The word arquebus, (sometimes spelled harquebus, harkbut or hackbut from the Dutch word haakbus, meaning "hook gun" or "hook tube," refers to an early muzzle-loaded firearm used during the 15th to 17th centuries. The Germans knew it as Hakenbüchse, or haquebute, the Italians as archibugio; which gave arquebuse (French), arcabuz (Spanish), arcabus (Portuguese) and arquebus (English).
The caliver, an improved version of the arquebus, was introduced in the early 16th century. The word is derived from the English corruption of calibre as this gun was of standard bore, increasing combat effectiveness as troops could load bullets that would fit their guns (before, they would have to modify shot to fit, force it in, or cast their own before the battle).
In the early 16th century, the term "arquebus" had a confusing variety of meanings. Some writers used it to denote any matchlock shoulder gun, referring to light versions as caliver and heavier pieces fired from a fork rest as musket. Others treated the arquebus and caliver synonymously, both referring to the lighter, forkless shoulder-fired matchlock.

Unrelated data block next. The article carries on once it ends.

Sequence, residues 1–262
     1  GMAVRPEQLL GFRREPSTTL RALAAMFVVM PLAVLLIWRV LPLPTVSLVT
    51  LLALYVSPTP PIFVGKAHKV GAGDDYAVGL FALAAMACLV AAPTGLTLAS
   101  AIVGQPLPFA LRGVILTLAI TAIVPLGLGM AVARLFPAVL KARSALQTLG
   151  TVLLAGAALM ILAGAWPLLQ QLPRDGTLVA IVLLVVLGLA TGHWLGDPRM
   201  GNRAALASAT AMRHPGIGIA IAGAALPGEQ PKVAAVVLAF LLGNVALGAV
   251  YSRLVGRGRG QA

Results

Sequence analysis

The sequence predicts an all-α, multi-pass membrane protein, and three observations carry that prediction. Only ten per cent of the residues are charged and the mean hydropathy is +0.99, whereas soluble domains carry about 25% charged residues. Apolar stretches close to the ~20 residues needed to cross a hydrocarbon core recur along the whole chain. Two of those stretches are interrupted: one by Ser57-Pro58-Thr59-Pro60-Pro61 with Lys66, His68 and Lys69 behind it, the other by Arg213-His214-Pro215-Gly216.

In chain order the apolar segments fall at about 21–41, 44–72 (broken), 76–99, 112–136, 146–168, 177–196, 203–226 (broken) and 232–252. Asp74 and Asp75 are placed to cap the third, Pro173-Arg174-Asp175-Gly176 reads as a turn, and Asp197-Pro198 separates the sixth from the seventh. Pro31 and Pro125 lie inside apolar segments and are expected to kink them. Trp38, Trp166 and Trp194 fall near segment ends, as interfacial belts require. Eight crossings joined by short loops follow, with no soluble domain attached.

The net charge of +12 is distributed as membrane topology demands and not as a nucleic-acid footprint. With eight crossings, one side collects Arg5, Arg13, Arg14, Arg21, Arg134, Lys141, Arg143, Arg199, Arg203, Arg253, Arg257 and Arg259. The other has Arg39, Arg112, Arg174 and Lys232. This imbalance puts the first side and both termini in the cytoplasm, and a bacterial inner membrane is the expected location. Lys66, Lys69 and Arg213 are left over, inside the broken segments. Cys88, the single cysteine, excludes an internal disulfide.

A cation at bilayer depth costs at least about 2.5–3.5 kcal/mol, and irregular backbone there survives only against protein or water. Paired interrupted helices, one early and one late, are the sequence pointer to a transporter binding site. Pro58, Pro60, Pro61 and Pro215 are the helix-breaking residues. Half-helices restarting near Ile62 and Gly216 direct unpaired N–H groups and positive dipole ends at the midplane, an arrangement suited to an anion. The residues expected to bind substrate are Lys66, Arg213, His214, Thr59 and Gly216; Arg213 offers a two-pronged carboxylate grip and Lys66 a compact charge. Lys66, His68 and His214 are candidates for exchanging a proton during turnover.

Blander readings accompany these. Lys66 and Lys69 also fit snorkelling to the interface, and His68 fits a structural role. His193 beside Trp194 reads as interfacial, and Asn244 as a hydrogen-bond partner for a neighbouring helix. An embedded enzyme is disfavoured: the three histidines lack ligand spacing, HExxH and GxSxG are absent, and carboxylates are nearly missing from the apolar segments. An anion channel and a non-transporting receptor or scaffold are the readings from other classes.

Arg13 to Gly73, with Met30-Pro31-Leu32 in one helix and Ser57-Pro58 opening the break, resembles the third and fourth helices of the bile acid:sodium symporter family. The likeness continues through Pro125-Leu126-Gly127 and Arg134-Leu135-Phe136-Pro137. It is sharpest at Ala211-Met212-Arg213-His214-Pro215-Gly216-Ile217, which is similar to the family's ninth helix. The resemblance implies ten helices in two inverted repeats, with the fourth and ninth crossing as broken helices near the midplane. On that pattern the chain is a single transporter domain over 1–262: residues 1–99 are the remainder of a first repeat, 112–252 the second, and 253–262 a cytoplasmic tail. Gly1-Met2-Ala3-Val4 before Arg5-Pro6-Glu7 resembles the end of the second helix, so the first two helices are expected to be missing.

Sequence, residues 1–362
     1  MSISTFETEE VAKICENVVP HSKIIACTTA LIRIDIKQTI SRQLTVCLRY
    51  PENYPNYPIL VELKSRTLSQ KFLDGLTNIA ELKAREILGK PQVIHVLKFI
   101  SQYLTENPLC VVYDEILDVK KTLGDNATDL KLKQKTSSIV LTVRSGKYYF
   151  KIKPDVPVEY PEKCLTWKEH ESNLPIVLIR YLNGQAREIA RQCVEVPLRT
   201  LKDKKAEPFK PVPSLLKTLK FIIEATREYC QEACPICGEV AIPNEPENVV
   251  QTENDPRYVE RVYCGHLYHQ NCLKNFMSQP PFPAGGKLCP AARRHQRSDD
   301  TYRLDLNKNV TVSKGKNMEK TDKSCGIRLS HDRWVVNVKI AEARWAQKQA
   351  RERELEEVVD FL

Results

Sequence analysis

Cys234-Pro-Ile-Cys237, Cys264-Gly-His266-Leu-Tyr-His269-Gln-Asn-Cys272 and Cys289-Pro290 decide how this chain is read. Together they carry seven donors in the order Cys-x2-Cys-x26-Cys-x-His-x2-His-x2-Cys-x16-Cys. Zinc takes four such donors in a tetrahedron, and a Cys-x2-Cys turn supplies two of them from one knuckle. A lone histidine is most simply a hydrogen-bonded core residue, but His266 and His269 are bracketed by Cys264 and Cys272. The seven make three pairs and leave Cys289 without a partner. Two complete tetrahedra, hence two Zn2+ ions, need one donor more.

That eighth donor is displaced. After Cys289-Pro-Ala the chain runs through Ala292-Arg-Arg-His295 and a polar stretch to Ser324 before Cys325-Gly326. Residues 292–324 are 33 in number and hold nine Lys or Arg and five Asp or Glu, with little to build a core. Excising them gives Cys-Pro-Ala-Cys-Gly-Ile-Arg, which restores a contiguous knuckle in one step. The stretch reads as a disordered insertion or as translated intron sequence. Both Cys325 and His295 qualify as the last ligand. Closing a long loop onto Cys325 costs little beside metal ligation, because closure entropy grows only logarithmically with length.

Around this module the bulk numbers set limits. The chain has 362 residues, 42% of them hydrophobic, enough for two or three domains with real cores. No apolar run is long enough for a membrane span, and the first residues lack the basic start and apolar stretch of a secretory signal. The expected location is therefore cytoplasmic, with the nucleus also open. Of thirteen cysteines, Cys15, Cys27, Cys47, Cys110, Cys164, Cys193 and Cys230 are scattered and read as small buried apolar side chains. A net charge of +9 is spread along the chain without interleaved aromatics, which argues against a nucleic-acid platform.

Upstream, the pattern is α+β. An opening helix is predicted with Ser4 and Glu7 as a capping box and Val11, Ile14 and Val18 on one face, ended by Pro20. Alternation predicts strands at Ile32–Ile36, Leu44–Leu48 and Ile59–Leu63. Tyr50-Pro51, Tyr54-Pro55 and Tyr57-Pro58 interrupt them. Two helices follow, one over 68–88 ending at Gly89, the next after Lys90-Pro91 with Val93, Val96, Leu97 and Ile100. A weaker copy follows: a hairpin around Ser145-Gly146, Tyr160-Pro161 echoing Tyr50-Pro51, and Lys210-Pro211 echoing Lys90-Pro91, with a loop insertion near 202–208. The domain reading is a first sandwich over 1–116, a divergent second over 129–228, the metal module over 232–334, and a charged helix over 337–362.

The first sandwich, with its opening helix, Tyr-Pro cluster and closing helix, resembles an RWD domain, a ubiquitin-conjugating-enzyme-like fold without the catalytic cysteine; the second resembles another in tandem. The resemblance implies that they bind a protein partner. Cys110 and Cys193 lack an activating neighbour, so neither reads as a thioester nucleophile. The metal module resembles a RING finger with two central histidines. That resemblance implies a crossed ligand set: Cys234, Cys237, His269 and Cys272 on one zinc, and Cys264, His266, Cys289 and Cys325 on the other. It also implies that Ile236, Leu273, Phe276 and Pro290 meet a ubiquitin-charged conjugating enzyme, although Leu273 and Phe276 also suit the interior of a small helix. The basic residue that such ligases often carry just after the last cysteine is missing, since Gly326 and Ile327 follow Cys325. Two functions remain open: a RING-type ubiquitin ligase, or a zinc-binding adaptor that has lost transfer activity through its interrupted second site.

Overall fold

As the 16th century progressed, the term arquebus came to be clearly reserved for the lighter forkless weapon. When the wheel-lock was introduced, wheel-lock shoulder arms came to be called arquebuses, while lighter, forkless matchlock and flintlock shoulder weapons continued to be called calivers.
The arquebus was used against enemies wearing steel-plate armour, standard in European combat from about 1400 until the middle of the 17th century. Plate usually stopped an arquebus ball at long range but at close range often pierced the armor of knights and other heavy cavalry. Good quality in both gun and armour was vital. The arquebus led to the development of thicker plate armour, and its final retirement.